Ireland's Agriculture and Food Development Authority – Teagasc – has opened a new $5.3 million (€4 million) functional food and beverage center at Ashtown in Dublin.
It is hoped the new Teagasc Nutritional Research Facility, which has funded by the proceeds of a land sale, will help provide a springboard to creating growth and jobs in Ireland at a time when the country is in the midst of a deep economic slump.
Opening the new site Maire Geoghegan-Quinn, EU Commissioner for Research, Innovation & Science, saluted the Irish government for approving the development of the center.
"It demonstrates a keen understanding of the vital role that investment in research and innovation can play in tackling Europe’s economic problems,” she said. "The future of functional foods will depend on continued advances in food science and developments of innovative technologies. In 2006, the European market for functional foods was worth around €6 billion euro, the third largest after Japan and the United States.
"Experts predict that the global market for functional foods will grow in value from $78 billion in 2007 to $128 billion in 2013. It will account for 10 per cent of the overall food and drink market. This represents enormous growth and huge potential for producers in this sector.”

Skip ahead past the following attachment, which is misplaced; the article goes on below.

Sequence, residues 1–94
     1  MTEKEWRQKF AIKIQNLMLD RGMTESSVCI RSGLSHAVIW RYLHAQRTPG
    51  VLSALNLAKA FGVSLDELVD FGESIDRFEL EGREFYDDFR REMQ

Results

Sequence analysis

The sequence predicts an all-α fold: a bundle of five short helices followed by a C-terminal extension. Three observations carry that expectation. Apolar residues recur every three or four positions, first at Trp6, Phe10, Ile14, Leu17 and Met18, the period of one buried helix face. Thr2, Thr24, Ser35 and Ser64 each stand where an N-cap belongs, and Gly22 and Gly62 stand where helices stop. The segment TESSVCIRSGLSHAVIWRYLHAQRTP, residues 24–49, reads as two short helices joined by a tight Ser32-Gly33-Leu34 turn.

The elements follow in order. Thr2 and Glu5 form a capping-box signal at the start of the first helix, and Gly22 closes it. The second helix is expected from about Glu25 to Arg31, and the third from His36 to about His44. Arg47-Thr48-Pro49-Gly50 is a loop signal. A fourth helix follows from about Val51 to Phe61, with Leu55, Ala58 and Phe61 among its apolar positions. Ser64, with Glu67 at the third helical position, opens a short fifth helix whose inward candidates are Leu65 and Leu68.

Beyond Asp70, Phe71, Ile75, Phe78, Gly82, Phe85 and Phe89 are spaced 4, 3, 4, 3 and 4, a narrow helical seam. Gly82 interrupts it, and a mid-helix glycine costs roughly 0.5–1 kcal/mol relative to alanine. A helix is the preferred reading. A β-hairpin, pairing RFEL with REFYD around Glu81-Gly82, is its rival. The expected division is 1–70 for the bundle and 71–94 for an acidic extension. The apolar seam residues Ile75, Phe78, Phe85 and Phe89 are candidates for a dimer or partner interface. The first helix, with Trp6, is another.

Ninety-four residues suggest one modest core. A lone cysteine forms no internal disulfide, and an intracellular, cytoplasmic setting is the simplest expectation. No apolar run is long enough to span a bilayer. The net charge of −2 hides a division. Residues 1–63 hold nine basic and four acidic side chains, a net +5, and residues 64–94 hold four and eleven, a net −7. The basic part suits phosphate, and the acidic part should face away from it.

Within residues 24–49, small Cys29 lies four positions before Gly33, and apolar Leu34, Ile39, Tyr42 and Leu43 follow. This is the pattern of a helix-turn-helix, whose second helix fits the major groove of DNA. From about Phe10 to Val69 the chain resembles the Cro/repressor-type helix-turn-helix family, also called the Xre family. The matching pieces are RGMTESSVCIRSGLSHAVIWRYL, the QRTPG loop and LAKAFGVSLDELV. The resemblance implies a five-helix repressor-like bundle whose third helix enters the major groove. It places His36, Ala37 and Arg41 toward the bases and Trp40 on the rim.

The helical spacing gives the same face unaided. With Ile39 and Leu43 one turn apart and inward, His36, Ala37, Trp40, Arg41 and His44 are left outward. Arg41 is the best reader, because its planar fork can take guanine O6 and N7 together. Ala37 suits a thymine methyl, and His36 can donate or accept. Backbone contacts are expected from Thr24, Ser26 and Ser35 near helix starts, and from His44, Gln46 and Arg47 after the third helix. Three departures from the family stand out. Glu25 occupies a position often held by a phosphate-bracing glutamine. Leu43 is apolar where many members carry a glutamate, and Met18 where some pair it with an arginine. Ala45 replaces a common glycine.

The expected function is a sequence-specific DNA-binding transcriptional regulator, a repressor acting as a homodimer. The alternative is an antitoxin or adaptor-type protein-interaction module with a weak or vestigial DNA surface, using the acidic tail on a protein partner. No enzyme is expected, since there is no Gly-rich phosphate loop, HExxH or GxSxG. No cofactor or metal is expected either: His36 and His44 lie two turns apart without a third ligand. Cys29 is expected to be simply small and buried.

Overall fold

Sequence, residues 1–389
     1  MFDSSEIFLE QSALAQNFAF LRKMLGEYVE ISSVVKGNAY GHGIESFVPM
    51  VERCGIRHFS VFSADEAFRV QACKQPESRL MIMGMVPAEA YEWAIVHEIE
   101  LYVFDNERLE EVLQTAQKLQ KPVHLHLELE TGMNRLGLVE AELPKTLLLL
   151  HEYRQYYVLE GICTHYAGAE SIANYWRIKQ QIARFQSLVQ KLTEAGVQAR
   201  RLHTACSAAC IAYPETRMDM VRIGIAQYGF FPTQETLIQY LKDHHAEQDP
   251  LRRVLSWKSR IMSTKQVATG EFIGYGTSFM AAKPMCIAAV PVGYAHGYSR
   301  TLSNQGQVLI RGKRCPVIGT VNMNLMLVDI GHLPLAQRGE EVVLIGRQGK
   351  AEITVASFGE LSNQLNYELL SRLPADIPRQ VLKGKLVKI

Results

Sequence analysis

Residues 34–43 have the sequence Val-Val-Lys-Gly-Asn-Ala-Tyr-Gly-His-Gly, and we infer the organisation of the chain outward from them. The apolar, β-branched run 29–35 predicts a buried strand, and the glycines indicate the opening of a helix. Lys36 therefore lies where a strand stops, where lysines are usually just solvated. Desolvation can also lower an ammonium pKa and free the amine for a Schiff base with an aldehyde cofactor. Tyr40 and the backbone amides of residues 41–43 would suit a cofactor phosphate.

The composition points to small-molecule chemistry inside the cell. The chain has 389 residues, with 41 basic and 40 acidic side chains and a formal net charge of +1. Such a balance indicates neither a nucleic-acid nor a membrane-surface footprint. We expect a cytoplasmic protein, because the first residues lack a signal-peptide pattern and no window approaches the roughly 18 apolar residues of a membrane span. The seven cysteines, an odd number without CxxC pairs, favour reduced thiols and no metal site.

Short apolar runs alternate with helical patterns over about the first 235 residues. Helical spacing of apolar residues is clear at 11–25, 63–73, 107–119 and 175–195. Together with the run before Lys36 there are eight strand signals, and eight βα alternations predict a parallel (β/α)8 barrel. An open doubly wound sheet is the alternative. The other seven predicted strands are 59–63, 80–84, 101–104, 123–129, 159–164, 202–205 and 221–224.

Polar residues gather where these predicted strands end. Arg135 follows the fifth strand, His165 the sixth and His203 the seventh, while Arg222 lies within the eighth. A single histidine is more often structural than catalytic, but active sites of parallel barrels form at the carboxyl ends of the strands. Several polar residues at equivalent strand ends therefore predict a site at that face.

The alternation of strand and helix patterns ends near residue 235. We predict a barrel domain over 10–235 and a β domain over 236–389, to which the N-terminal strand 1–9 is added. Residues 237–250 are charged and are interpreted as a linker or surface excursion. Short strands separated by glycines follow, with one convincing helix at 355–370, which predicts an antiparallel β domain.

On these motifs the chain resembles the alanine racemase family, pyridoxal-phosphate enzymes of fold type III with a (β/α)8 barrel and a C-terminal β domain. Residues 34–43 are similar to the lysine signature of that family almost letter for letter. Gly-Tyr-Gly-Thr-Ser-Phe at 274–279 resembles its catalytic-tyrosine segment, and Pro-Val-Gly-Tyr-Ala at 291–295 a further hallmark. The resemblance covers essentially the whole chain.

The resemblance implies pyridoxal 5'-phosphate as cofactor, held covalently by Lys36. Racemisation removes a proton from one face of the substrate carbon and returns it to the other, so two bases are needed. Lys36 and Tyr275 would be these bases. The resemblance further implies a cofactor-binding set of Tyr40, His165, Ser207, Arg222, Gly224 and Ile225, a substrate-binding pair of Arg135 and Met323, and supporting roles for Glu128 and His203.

Professor Gerry Boyle, director of Teagasc, added: "Innovation is key to driving productivity and thus competitiveness in Ireland’s agri-food industry. Ireland’s ability to grow out of its current economic difficulties and build a successful future depends on increasing levels of innovation across all aspects of Irish enterprise.
"The challenge is to drive the transformation of the agri-food sector into a knowledge-based bio-economy that fully embraces new technologies to create value-added outputs in an environmentally sustainable manner.”
Center follows in wake of 'milk mining' initiative
This most recent development pairs with another, earlier private/public partnership investment in the functional foods sector made in the face of Ireland’s daunting and deepening budget crisis. In mid 2009 dairy businesses and researchers in Ireland collaborated to found the Food for Health Ireland initiative (FHI). The project aims to "mine" milk for active functional ingredients, to categorize their health benefits and to bring them to market in new products for human nutrition.
FHI is a partnership between four of Ireland's major dairy processing companies – Carbery, Dairygold, Glanbia and Kerry – and four public research organisations – University College Cork, University College Dublin, Teagasc's Moorepark Food Research Centre and University of Limerick.Together they will aim to determine how milk ingredients can be extracted and used to deliver health benefits for consumers. The aim is to "provide a pipeline for the development of new functional food ingredients and products."
Headquartered at University College Cork, researchers will tap into the health potential of bioactive ingredients derived from milk proteins, carbohydrates and fats in a project dubbed 'Intelligent Milk Mining,' which will break milk down milk into its molecular components.